I'd like to build a locked sidewall that has varied draft.
I was under the assumption that the best way to build this feature would be a Variable Section Sweep as my sections would vary along the length of the side rails.
Can you have multiple sketches in a Variable Section Sweep?
If yes, could someone explain the method of picking up additional sketches along the length of the trajectory?
If not, what would the appropriate tool be for what I am wanting to accomplish?
You might look at it as additional "guides". As long as you don't "lock" the swept section, the section will adjust to the trajectory and guide sketch. When you select an additional trajectory(hold CTRL), it will be the 1st "guide" and additional sketches will be the additional guide features.
Going further, what I'd like to see is the VSS command allow both multiple trajectories AND multiple sections. This way, you could get around a problem I have where you can't force an arc to be flat, or vice versa. also, you could do blend vertexes like in a blend/swept blend.
Of the 2, I like and use VSS's way more, for various reasons including using trajpar.
From what you show in this example there are 2 trajectories. What I was hoping is that Variable Section Sweep would allow for multiple sketches applied somewhat perpendicular to just 1 trajectory. From what Frank suggests you can not add multiple sections along the trajectory.
In another respect what you have shown could be quite helpful in respects to getting a tweakable side wall.
If I needed to modify a sidewall with lock variation and varied draft; would there be a good tool in Creo for placing multiple sections along the trajectory path?
Thank you for suggesting a different approach. I will try this and see how accurate I can match the customer's sidewall geometry.
What you CAN do, is sketch a curve at the start, and at the end, then use those to drive the multiple trajectories. Note that you CANNOT tie any geometry used in the single sketch of the VSS to any static geometry (unless you set the option to "Constant Section", or it will either fail or give weird results. Now, you can if you're REALLY careful measure things and write relations, or make things egual, but it's VERY tricky to get it right. You can also lock some dimensions in the sketch, and drive others by the reference points of the trajectory, or drive ALL the vertexes by trajectories. It's very flexible that way.
In a sense, I am using your approach in a slightly different way. You can easily make multiple sections to manage your draft variation. Think of them as sections along the way to decide on where the guide curves, or trajectories, need to go. This works even better if you need to change elevations because the trajectories could be datum curves that are not planar if you need this.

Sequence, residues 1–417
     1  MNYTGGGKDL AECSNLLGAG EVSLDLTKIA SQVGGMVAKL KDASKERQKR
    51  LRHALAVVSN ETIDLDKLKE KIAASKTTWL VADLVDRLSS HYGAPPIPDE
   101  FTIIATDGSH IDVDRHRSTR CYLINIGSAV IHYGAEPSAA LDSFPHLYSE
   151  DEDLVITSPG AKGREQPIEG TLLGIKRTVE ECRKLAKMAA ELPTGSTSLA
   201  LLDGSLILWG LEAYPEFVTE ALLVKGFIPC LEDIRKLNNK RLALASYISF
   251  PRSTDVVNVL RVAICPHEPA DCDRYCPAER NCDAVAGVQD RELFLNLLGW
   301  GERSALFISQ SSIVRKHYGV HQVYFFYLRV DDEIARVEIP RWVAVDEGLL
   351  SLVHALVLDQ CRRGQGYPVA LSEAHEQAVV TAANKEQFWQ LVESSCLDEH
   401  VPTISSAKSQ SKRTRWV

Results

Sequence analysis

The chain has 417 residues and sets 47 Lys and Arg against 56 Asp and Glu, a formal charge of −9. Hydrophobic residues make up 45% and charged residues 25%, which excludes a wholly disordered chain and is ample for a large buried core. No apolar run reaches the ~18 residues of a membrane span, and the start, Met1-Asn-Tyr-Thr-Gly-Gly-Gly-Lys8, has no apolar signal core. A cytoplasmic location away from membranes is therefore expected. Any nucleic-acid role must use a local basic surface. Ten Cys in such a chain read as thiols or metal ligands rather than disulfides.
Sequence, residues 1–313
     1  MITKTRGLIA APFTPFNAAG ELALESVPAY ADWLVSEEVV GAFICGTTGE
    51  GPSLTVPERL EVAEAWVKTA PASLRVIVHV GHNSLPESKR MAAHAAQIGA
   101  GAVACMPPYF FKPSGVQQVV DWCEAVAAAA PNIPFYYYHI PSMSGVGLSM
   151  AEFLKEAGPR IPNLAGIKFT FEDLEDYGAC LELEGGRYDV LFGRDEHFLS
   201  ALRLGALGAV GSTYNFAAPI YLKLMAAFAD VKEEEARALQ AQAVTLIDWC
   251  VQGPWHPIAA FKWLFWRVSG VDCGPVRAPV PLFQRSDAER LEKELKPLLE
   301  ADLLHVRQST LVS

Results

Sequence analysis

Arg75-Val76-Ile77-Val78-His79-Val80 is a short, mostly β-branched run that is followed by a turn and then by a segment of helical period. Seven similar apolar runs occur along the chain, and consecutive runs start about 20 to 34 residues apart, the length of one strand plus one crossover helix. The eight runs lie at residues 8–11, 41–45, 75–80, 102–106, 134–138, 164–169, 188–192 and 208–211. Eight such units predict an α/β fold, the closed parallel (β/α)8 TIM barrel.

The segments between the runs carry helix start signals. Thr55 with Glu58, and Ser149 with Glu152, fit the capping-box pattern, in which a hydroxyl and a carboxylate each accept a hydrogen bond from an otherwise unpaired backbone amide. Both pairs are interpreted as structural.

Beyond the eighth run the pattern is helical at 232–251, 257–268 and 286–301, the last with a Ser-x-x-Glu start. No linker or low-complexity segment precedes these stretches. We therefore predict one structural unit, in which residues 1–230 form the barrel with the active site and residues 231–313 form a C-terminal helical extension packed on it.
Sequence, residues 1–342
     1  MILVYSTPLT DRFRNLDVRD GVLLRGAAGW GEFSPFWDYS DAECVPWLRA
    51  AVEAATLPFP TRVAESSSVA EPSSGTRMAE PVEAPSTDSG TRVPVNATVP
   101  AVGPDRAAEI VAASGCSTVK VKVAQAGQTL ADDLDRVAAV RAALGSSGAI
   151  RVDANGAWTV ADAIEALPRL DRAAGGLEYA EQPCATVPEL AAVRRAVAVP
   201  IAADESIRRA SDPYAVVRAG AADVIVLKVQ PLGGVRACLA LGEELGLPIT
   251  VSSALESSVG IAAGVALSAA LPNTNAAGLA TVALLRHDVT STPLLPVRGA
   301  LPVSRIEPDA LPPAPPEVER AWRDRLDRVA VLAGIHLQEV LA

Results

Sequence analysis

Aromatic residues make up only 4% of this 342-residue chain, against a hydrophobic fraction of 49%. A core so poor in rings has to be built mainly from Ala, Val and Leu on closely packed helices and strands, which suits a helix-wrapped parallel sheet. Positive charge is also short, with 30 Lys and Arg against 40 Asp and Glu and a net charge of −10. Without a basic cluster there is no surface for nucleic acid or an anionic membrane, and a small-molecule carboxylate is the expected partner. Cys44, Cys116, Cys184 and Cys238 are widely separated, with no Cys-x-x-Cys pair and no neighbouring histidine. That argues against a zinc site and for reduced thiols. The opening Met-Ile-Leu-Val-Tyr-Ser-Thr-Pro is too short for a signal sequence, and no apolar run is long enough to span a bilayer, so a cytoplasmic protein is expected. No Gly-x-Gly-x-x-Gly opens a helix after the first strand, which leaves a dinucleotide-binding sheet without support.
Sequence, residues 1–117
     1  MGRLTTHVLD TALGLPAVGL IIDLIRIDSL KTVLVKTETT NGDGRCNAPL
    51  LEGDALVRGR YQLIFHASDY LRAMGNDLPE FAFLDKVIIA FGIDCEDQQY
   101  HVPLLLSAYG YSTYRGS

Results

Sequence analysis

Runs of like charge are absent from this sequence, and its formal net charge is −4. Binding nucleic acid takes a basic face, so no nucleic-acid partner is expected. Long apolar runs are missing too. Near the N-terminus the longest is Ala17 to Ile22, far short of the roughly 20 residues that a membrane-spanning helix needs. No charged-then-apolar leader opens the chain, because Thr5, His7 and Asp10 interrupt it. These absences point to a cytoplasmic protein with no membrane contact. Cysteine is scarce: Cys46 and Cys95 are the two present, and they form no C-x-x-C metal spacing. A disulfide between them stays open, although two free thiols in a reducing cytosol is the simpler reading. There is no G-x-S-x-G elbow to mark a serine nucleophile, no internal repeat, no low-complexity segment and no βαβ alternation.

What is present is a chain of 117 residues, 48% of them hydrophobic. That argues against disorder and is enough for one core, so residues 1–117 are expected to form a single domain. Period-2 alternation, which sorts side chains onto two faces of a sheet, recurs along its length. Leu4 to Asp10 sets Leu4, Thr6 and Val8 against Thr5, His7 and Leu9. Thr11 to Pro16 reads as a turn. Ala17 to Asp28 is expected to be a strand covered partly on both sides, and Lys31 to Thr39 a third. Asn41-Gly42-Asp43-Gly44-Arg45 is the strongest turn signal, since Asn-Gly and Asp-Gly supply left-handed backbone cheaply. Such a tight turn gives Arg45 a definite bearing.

Multiple sections sweeps are also very powerful and you really need to take a careful look at what you want to accomplish.
Also give careful thought on when to use Offset to keep these sweeps simple and adding details after the sweep.
...And of course there is Swept-Blend which is "variable" by definition. It is not as rigid in following guide curves, though.
The Variable Section Sweep "Almost" works well for me.
I am happy with how the surface rail matches up with the actual part. This looks like a tool that makes locks and varied draft easy.
Unfortunately I am finding that I can not get the start and end of the sweep surface to end up where the 2 guide rail sketches start and end. Since this segment is only a part of the side rails on the part profile I have to have the surface start and end exactly where my guide sketches end.
When I normal to trajectory or normal to projection I'm finding that there is a small gap to the end of the sketch.
If I choose a constant to normal projection the starting surface lines up perfect to the start of the guide rails, but the end of the surface falls way short on one of the ending guide rails.
I can't seem to find a way to build my own sketch that would lock to the exact end(s) of the guide rails.
Is there a way of ensuring the start and end of the surface lines up with the start and end of the 2 guide rails?
I noticed that with my quick sketch too. Obviously, you could simply go further than you need with both guides. The problem is that the sketch is normal to the trajectory although you can select another normal for the sketch.
Often, complex shapes are created from many surface operations where in the end, it becomes a closed volume or a thickness can make these solids. That remaining gap, for instance, could be filled in with a Fill feature.
Can you share a image of your challenge or even a part of the file you are trying to affect?
This shows a couple sweeps that I applied on opposing sides of the parting line. I might have to overbuild the sketch extents as you suggest. I just wish this would stick to the start and end of the sketches.